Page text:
By Craig Tally
JOPLIN, Mo. —
Commonly referred to as "The Jefferson Bible," Thomas Jefferson's "The Life and Morals of Jesus of Nazareth" is a book constructed by the third U.S. president himself.
With a sharp scalpel-like instrument, Jefferson detached sections of Scripture that he deemed believable and pieced together his own version of the Bible. This book is housed in the Smithsonian Institution in Washington D.C.
While the vast majority of us would balk at doing that, the truth is that each of us have some sort of our own version of the Bible. We may not intend this, but in effect, we do so when we draw primarily from favorite verses and stories and ignore others.
An example of this is the instruction that we care and pray for our enemies. I myself am an example of someone who neglects these instructions. Reviewing my sermons, I note that I occasionally take a stab at this matter, but I have not dealt directly with the question of who is my "enemy" and how should I care and pray for him.
I can rationalize things and say that in these modern times, my enemies are those who are enemies of my country living across seas. I can say that I care about the people in those far-away countries, with whom I have little if any contact.
But I have a nagging suspicion that what Jesus said involves more than just caring for enemies who are far away.
I do not have to look far and wide for situations in my life to which this issue applies. Truthfully, we do assail one another about beliefs and lifestyles, especially when they encroach upon long-held values. We often respond to these enemies close to home with an intensity of feeling that approaches hatred.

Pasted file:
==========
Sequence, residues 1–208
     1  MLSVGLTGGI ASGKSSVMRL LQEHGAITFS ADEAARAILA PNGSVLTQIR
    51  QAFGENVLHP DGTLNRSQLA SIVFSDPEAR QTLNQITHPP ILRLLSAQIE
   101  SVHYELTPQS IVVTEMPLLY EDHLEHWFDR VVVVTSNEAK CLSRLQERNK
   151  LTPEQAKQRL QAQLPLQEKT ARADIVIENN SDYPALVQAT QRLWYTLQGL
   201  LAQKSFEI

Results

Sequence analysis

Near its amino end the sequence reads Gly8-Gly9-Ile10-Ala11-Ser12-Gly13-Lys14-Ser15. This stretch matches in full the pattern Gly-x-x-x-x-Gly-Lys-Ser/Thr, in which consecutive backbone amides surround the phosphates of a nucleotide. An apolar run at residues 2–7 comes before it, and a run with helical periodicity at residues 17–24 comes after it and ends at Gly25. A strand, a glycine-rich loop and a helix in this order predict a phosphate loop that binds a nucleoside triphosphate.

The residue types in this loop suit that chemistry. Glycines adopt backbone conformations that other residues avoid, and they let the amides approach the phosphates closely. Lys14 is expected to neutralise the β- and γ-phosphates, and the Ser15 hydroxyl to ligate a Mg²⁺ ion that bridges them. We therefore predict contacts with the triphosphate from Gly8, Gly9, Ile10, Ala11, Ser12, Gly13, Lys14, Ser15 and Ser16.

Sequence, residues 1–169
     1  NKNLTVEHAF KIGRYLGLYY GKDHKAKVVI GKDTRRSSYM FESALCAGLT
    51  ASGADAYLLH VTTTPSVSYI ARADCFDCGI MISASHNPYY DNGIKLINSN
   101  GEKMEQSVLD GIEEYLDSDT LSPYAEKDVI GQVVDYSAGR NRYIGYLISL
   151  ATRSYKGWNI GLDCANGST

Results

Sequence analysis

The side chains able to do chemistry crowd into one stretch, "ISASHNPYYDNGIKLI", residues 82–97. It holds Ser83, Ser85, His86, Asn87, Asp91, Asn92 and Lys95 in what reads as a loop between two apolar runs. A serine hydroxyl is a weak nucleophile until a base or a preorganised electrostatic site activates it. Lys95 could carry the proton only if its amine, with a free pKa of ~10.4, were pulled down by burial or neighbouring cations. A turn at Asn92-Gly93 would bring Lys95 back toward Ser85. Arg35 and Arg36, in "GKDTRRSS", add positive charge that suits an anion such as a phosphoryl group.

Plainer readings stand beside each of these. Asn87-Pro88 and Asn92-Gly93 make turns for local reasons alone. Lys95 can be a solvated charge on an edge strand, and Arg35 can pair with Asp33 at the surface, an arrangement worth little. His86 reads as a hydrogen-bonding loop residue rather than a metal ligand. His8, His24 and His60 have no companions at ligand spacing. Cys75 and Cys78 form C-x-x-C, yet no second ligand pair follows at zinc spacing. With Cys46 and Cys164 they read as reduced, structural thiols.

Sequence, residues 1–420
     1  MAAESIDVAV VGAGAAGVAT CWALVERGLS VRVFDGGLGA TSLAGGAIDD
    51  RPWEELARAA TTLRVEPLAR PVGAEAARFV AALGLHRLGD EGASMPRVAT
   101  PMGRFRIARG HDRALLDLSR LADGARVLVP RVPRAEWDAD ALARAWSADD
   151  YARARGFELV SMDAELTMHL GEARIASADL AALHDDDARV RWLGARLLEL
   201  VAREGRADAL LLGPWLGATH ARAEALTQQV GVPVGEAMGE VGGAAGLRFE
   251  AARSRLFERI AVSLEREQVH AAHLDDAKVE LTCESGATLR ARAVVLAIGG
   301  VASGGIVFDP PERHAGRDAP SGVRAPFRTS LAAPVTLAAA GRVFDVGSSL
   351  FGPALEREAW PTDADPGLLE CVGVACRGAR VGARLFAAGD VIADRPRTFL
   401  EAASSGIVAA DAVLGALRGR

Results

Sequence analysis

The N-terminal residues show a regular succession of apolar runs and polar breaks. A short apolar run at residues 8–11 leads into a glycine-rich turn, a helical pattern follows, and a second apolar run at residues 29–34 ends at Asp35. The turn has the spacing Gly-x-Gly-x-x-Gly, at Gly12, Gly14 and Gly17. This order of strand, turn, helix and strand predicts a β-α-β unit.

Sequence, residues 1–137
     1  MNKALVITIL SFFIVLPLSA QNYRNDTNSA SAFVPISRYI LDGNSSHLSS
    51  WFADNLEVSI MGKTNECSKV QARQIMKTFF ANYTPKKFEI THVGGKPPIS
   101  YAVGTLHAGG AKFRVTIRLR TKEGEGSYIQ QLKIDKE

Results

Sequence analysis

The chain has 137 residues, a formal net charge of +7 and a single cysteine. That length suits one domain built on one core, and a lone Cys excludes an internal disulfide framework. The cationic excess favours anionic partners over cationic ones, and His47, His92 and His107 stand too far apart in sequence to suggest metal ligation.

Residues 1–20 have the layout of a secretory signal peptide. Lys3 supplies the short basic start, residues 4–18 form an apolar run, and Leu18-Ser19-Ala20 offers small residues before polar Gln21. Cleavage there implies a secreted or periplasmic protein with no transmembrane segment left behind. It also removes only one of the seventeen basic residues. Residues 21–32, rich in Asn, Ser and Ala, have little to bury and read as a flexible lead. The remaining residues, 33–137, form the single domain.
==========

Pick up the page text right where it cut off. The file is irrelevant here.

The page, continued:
We must reflect upon what Jesus says about this, especially as we become more and more divided in our community and nation. This calls for more than mere tolerance. We are expected to care for and pray for those who oppose and assail us.
This "caring and praying for" our enemy is maddening. We feel good when we vent our fear and anger, and giving up those feelings is difficult.
But we must. More and more we are learning that hatred and negativity is harmful to our physical health, not to mention our spiritual well-being.
So, how do we do learn to care? Recall the story of Jesus looking out over a crowd of people and feeling compassion because he saw them as sheep without a shepherd.
You can bet he saw a lot of human ruination that day. But he focused beneath the ugliness and looked upon the person.
We can take this and imagine that deep within all people there is a self that is loved by God. With time and effort, we can learn to care for those who oppose us and challenge who we are.
So, how do we pray for those who oppose us? Perhaps a reason the second greatest commandment ranks so high is because it is appropriate for this occasion.
If the tables are turned, and I am considered someone's enemy, I would want them to attempt to understand me. I would hope they would give me consideration. How I would want to be treated becomes the guide to my prayer regarding my enemy.
The focal point of the Good Samaritan story is the enmity between Jews and Samaritans. Those who heard the story were shocked that a Samaritan would care for his enemy.
Imagine a world of this understanding.
Craig Tally is the senior minister of First Community Church in Joplin. His column appears bi-weekly. He can be reached at firstname.lastname@example.org.